The first chapter. I think maybe my chapters are too short — but they just seem to end “nice and neat” and isn’t that important? I dunno… anyhoo – for your reading ……. pleasure:
Chapter 1 ~ Full Reset ~
They say that life goes on, whether we’re ready for it or not. As spring moved to summer then summer slid into autumn, I started to look at the world through much duller eyes. My children saw it; the world saw it. Even I noticed, the few times I bothered to shave. Lifeless eyes in a face painted with sorrow. In his inimitable fashion, Jared came to my rescue.
“You have to get out.”
I looked across the table at him and idly scratched the stubble on my face. “Huh?”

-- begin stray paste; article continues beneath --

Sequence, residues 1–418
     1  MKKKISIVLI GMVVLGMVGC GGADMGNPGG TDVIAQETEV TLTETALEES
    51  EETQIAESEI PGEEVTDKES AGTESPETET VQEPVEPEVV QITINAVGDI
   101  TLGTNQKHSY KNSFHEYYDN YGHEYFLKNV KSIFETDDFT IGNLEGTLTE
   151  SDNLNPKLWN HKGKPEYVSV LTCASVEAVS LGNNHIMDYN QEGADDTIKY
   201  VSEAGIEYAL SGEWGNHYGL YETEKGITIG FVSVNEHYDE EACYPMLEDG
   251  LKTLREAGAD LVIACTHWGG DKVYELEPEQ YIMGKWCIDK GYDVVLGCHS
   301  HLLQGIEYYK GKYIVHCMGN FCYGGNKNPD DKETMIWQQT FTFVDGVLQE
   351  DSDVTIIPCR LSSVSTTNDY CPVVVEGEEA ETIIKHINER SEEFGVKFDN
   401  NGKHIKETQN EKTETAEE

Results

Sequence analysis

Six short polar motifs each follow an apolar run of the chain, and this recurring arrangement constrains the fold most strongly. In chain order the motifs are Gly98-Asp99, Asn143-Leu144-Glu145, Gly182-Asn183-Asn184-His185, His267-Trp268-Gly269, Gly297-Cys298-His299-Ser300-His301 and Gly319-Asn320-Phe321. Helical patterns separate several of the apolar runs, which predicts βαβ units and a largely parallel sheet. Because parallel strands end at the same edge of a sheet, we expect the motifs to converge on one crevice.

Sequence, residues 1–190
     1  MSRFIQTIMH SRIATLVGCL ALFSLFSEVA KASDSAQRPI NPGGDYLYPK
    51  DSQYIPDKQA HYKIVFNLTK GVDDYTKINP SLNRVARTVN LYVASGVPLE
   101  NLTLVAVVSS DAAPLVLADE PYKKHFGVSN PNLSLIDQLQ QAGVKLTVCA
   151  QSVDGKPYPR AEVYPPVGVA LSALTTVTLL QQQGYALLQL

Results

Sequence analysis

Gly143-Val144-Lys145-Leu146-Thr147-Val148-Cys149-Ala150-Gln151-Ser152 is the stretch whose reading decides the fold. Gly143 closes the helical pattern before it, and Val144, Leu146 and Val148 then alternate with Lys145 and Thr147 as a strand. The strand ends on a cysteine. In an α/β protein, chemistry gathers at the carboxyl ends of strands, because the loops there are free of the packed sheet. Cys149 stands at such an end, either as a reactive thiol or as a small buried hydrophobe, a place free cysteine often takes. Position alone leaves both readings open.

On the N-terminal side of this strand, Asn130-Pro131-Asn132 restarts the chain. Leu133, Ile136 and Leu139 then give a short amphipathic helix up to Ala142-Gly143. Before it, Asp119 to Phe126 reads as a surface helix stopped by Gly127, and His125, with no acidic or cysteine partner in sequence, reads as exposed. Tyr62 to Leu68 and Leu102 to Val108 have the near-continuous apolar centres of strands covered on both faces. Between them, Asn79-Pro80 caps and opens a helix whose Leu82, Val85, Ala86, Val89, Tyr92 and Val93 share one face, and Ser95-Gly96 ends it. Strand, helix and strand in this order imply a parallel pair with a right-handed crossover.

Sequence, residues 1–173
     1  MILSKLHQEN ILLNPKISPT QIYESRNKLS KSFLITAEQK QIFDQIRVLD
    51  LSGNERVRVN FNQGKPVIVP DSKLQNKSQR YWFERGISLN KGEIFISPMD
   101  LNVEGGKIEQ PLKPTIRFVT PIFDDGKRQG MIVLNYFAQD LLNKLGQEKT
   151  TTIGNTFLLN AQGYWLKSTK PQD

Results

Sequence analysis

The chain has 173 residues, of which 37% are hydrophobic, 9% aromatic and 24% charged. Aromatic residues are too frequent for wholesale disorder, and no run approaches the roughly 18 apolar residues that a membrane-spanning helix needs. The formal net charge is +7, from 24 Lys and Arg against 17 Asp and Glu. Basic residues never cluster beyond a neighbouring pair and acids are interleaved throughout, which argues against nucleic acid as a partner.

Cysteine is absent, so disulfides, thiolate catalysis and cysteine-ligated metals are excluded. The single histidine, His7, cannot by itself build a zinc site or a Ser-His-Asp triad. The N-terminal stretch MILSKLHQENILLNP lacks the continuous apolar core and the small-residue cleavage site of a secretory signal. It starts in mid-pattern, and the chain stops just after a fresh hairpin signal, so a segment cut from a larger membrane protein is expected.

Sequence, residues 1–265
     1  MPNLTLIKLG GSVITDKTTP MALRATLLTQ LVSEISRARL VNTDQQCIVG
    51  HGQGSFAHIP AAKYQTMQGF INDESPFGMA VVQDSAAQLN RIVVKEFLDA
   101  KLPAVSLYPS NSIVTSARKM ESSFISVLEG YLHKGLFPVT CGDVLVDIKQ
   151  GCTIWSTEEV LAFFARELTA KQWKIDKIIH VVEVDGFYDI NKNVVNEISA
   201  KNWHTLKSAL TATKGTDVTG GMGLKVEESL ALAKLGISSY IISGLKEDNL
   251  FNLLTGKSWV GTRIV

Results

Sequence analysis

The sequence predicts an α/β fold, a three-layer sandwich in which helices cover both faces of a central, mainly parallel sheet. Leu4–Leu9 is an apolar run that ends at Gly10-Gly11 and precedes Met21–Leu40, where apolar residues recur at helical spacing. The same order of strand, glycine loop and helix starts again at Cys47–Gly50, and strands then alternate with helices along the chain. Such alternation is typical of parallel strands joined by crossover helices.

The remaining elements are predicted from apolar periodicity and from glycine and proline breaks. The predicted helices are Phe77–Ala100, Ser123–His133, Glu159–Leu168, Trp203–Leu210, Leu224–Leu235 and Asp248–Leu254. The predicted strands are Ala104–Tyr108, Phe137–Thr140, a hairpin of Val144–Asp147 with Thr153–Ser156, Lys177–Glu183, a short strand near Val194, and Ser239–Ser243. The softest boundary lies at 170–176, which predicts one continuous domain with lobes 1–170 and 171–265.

“You need to get out of the house. You’re beyond sedentary my friend.”
I smirked. “I am out.”
It was true, technically – we were outside. We were on sitting the balcony outside of the dining room so we could smoke. Annie hated the smell; I had quit smoking indoors when she was pregnant with Diedre.
“You know what I mean. You’ve practically entombed yourself in this mausoleum.”
“’Mausoleum’ is rather harsh.”
“I’m sorry. I know people who suffer a loss like you have will often turn their place into a shrine, and you haven’t – but the effect is not that different. You never leave. The rooms are dark. Do you even open your drapes?”
“Not much reason.”
“You are still alive, Paul. You need to stop pretending your life ended when Annie died.”
“My life did end.”
“No, Paul. No more than mine did when Sherry left me.”
“You didn’t do much different then.”